64. 64. Kautz T, Amelung W, Ewert F, Gaiser T, Horn R, et al. (2013) Nutrient acquisition from arable subsoils in temperate climates: A review. Soil Biology & Biochemistry 57: 1003–1022.
  65. 65. Witter E, Johansson G (2001) Potassium uptake from the subsoil by green manure crops. Biological Agriculture & Horticulture 19: 127–141.
  66. 66. Singh M, Singh VP, Reddy DD (2002) Potassium balance and release kinetics under continuous rice-wheat cropping system in Vertisol. Field Crops Research 77: 81–91.
  67. 67. Sharma A, Jalali VK, Arora S (2010) Non-exchangeable potassium release and its removal in foot-hill soils of North-west Himalayas. Catena 82: 112–117.
  68. 68. Cai Y, Hao MD (2013) Effects of long-term nitrogen fertilization on wheat in Loess Plateau. Journal of Triticeae Crops 33: 983–987 (in Chinese)..
  69. 69. Lin ZA, Zhao BQ, Yuan L, Bing-So H (2009) Effects of organic manure and fertilizers long-term located application on soil fertility and crop yield. Scientia Agricultura Sinica 42: 2809–2819 (in Chinese)..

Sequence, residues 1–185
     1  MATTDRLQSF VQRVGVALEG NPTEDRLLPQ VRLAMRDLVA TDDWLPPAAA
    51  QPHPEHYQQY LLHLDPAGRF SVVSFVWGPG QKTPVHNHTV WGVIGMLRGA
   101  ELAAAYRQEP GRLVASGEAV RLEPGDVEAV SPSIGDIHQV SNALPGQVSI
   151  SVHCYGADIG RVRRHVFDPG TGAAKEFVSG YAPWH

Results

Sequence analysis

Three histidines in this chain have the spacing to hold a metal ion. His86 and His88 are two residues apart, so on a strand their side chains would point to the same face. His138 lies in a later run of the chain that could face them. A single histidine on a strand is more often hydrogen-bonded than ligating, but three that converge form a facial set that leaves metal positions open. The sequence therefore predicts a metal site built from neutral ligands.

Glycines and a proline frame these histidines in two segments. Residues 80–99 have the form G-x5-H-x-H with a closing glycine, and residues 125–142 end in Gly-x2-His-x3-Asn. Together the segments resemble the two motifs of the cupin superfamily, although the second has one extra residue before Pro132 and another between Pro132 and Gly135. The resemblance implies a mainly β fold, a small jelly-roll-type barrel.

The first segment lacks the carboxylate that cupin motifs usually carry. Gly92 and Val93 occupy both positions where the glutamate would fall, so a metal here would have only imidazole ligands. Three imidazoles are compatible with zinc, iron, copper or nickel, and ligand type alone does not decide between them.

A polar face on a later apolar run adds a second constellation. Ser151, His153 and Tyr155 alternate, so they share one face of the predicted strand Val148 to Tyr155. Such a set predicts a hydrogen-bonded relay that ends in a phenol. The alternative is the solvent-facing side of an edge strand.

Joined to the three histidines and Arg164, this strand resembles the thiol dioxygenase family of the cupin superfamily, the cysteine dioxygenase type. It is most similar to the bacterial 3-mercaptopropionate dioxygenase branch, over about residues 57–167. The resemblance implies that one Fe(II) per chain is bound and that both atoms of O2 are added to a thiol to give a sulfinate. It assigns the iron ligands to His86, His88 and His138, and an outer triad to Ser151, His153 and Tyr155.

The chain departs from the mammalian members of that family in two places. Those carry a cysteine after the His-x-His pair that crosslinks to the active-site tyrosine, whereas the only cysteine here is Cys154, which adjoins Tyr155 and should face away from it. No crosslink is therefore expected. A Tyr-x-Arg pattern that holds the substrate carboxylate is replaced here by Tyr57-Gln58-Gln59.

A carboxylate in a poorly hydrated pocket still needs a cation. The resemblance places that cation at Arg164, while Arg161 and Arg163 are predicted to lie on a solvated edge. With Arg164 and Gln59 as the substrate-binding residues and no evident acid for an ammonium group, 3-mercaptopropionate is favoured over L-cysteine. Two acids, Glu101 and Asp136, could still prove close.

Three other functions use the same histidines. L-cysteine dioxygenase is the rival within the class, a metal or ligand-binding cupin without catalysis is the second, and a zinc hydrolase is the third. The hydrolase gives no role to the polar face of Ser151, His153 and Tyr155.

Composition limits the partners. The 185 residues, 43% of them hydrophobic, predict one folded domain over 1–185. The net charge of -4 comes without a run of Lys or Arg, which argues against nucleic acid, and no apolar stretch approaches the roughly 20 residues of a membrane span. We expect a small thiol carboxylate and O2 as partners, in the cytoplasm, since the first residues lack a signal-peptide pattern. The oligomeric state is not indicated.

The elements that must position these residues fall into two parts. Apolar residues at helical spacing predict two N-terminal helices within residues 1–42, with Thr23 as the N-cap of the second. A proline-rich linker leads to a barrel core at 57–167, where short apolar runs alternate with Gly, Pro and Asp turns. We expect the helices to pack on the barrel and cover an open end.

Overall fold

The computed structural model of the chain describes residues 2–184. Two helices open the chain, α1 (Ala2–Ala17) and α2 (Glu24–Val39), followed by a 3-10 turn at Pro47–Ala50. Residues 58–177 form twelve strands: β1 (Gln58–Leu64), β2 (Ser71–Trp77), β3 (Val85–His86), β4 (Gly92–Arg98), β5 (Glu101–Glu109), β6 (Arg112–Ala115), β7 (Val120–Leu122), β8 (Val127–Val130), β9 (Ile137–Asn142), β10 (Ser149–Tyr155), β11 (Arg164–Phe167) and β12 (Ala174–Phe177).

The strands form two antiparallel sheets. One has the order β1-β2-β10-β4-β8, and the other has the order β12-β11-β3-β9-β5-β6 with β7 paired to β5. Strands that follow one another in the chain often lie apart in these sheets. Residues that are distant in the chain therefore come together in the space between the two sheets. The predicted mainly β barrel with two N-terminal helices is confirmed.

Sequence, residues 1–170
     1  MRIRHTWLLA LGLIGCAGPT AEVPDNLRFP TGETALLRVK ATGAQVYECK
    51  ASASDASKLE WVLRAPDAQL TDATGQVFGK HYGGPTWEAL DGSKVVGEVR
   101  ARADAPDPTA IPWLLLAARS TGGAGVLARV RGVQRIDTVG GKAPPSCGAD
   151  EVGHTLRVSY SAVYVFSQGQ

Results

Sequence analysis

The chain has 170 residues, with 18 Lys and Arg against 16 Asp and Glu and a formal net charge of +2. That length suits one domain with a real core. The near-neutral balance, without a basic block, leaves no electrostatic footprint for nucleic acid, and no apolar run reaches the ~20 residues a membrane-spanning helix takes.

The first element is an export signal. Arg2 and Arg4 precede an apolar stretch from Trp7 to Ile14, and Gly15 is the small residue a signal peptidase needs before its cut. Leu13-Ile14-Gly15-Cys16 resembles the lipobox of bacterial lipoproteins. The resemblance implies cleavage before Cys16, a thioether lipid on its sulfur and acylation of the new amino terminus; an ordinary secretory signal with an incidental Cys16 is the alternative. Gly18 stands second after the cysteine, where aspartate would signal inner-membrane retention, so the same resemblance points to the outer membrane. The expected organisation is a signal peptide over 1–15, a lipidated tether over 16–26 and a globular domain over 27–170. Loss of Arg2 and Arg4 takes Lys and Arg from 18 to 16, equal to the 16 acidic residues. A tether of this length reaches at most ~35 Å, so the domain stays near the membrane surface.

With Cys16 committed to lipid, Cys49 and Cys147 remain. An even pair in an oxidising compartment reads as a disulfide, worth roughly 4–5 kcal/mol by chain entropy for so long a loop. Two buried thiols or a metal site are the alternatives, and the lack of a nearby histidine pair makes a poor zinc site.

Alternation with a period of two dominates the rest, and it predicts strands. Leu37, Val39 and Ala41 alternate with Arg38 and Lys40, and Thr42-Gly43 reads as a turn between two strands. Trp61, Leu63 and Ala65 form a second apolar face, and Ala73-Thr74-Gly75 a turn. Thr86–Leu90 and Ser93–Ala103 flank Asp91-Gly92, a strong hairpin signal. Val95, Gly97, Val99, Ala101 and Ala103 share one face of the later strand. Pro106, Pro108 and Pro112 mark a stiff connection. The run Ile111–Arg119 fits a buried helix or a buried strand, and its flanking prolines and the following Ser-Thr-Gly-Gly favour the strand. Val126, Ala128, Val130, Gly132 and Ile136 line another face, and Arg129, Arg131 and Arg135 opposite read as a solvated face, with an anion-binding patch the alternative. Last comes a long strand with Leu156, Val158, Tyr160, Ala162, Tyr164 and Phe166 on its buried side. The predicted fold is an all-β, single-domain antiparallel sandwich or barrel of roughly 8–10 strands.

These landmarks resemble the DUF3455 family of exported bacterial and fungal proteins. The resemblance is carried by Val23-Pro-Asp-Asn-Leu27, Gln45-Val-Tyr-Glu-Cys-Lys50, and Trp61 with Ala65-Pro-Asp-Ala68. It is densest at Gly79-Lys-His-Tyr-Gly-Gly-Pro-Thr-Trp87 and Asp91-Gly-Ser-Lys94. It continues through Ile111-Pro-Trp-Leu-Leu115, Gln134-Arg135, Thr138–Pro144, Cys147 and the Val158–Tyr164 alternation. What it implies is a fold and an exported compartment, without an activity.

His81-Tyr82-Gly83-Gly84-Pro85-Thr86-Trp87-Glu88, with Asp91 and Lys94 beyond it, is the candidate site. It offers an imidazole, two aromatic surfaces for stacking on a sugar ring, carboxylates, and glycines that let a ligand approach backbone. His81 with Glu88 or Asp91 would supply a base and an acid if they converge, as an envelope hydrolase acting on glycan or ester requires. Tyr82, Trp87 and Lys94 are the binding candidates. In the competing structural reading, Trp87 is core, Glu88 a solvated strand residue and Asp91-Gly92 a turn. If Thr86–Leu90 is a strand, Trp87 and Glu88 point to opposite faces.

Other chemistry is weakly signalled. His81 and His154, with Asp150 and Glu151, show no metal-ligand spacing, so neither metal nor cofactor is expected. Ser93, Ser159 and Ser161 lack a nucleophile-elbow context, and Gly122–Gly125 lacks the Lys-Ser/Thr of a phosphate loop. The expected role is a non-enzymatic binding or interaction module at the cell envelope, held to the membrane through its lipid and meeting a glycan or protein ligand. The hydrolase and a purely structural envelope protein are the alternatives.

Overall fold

70. 70. Hao MD, Fan J, Wei XR, Pen LF, Lu L (2005) Effect of fertilization on soil fertility and wheat yield of dryland in the Loess Plateau. Pedosphere 15(2): 189–195.
  71. 71. Geng YH, Cao GJ, Ye Q, Qi QG, Wu P, et al. (2013) Effects of different phosphorus applications on soil available phosphorus, phosphorus absorption and yield of spring maize. Journal of South China Agricultural University 34: 470–474 (in Chinese)..
  72. 72. Zhao J, Hou ZA, Li SX, Liu LP, Huang T, et al. (2014) Effects of P rate on soil available P, yield and nutrient uptake of maize. Journal of Maize Sciences 22: 123–128 (in Chinese)..
  73. 73. Griffin TS, Honeycutt CW, He Z (2003) Changes in soil phosphorus from manure application. Soil Science Society of America Journal 67: 645–653.
  74. 74. Li LF, Hao MD, Li YM, Gao CQ (2009) Research on characteristics of spatial distribution and availability of soil potassium forms under long-term fertilization in the dryland of the Loess Plateau. Agricultural Research in the Arid Areas 27: 127–131 142. (in Chinese)..
  75. 75. Wang HT, Jin JY, Wang B, Zhao PP (2010) Effects of long-term potassium application and wheat straw return to cinnamon soil on wheat yields and soil potassium balance in Shanxi. Plant Nutrition and Fertilizer Science 16: 801–808 (in Chinese)..
  76. 76. Zhang YL, Lu JL, Jin JY, Li ST, Chen ZQ, et al. (2012) Effects of chemical fertilizer and straw return on soil fertility and spring wheat quality. Plant Nutrition and Fertilizer Science 18: 307–314 (in Chinese)..